One common way to do this without
declare(ticks=1) is to use a profiler. A profiler will take notice of any method/function called, file loaded etc. and even take timing information so you not only can say which function was called when and by what code and which files were opened but also which part of the program took how long.
A well known profiler in PHP comes with the famous Xdebug extension. It also ships with a debugger:
One benefit is that you don't need to change the code to do the profiling, it is just the PHP configuration you need to adopt so you can switch it on and off as you need it (e.g. debug / profiling session).
PHP Userland (tick function)
As a work-around not having
declare(ticks=1); at the beginning of each file (after #71448), it is possible to add this on-the-fly via a stream-wrapper on the file protocol (for files in the local file-system which is common) that injects it.
This is technically feasible by creating a stream-wrapper that is registered on the file protocol to proxy standard file i/o operations. In this PoC (Gist on Github) the bare-minimum implementation is shown to demonstrate that it works for includes. When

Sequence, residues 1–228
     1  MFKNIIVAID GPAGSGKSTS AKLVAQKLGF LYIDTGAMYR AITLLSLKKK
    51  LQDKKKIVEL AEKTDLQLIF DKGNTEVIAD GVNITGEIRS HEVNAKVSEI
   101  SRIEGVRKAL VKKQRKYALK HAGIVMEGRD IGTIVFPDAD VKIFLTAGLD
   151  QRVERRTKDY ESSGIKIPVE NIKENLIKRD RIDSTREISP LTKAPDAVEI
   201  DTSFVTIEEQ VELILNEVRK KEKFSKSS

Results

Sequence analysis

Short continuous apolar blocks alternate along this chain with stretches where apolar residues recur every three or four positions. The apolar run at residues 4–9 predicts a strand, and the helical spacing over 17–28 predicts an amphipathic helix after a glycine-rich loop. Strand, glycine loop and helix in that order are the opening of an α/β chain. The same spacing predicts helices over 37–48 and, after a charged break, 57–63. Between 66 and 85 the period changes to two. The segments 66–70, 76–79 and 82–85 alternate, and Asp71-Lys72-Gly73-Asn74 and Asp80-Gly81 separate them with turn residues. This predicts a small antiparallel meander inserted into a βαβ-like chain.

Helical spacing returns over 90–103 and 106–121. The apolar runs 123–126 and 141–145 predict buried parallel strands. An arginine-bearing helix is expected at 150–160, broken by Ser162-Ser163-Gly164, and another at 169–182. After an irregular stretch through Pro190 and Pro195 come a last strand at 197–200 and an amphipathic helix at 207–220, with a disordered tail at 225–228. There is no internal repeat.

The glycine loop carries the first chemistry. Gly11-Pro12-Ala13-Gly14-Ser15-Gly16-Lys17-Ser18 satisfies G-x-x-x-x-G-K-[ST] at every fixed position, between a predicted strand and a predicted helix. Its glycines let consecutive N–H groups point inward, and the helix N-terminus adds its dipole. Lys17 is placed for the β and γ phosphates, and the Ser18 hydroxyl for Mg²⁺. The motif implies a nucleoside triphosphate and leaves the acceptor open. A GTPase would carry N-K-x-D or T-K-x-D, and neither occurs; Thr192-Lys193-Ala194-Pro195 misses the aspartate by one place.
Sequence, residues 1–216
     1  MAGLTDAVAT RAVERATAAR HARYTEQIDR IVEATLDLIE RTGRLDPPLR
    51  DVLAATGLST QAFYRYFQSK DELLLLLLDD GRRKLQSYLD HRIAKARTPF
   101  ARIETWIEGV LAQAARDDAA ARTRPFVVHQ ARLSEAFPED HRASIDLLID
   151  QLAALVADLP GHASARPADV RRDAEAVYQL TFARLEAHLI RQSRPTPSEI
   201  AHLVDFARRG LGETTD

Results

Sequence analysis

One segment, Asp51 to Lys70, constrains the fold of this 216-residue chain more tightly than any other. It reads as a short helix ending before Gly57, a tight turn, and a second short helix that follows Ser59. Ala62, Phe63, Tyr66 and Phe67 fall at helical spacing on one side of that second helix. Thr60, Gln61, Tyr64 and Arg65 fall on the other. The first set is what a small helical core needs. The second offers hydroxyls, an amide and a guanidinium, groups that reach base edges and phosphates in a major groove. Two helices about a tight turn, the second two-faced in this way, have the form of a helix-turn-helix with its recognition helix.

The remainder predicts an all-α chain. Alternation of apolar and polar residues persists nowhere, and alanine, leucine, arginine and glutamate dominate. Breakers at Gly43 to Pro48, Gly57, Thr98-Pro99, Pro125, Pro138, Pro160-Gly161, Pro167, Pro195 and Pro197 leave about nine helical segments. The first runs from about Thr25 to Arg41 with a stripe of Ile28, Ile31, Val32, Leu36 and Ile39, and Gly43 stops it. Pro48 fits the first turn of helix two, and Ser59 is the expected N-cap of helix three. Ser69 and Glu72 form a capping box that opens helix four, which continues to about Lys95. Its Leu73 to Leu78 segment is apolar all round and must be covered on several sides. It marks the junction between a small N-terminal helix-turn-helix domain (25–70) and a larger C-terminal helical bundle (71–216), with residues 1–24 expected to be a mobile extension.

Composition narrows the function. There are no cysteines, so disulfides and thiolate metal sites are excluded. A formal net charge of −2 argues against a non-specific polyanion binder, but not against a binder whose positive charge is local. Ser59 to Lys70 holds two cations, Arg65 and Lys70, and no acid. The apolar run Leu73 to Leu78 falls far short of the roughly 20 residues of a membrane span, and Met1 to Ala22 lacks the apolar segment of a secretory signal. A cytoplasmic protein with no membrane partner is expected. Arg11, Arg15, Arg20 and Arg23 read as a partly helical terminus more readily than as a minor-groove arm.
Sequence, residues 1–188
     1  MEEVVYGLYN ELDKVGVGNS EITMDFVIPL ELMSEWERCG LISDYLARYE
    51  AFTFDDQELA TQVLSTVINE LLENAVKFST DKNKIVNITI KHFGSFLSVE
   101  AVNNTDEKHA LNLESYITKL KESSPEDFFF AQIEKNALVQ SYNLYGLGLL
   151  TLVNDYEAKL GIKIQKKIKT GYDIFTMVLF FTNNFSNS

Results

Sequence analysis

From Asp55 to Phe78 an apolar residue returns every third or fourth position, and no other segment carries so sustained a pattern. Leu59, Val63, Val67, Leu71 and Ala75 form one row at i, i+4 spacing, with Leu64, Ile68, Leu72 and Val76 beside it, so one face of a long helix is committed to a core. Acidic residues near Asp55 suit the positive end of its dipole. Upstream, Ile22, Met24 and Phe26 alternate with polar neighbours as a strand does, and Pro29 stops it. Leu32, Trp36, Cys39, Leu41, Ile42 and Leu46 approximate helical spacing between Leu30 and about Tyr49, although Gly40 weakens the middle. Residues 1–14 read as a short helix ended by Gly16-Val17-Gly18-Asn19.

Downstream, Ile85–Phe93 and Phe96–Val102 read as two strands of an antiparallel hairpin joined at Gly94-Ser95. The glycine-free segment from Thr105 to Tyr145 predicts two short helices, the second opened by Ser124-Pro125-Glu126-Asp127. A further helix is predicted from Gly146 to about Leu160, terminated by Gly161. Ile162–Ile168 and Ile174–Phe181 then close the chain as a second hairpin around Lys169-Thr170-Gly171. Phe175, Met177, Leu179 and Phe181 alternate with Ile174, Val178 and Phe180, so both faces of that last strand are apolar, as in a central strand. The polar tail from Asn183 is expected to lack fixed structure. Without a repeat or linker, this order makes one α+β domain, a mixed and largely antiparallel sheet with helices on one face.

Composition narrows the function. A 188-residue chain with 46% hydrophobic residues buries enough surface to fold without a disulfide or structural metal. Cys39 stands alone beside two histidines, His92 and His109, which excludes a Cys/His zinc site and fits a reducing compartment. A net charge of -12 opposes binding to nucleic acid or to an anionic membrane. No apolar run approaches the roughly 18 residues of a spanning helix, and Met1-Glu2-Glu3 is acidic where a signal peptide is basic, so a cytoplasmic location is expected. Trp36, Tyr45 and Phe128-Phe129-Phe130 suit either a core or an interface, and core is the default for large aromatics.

test.php is executed and despite that
other.php has not
declare(ticks=1); in it on disk, the registered tick function is called on the include as the print of the backtraces show:
#0 tick_handler(1) called at [/home/hakre/stream-wrapper-default-files/test.php:18]
#1 tick_handler() called at [/home/hakre/stream-wrapper-default-files/other.php:2]
#2 include(/home/hakre/stream-wrapper-default-files/other.php) called at [/home/hakre/stream-wrapper-default-files/test.php:24]
The output is generated from the registered tick function (here: test.php):
* Inject declare ticks on include
require __DIR__ . '/streamwrapper.php';
// using a function as the callback
// Function which is called on each tick-event
echo "tick_handler() called\n";
include "another.php"; # file does not exists
The stream wrapper in the gist example has only implemented as little as needed to work for the two include statements, as PHP scripts normally do more file i/o it needs to be extended as needed. When it goes about seeking etc., the dynamic insertion needs to be taken into account etc. but there is state per file operation (handle) as there is one instance per each one so this should be well encapsulated. The global state is used for registering/unregistering the stream wrapper for each operation to proxy into the real file-system functions as otherwise it creates endless recursion (wrapper uses the wrapper uses the wrapper ...). The PoC so far shows how it works on principle.
This can be (mis-)used for other things as well, but this PoC is for your specific declare ticks and include use-case.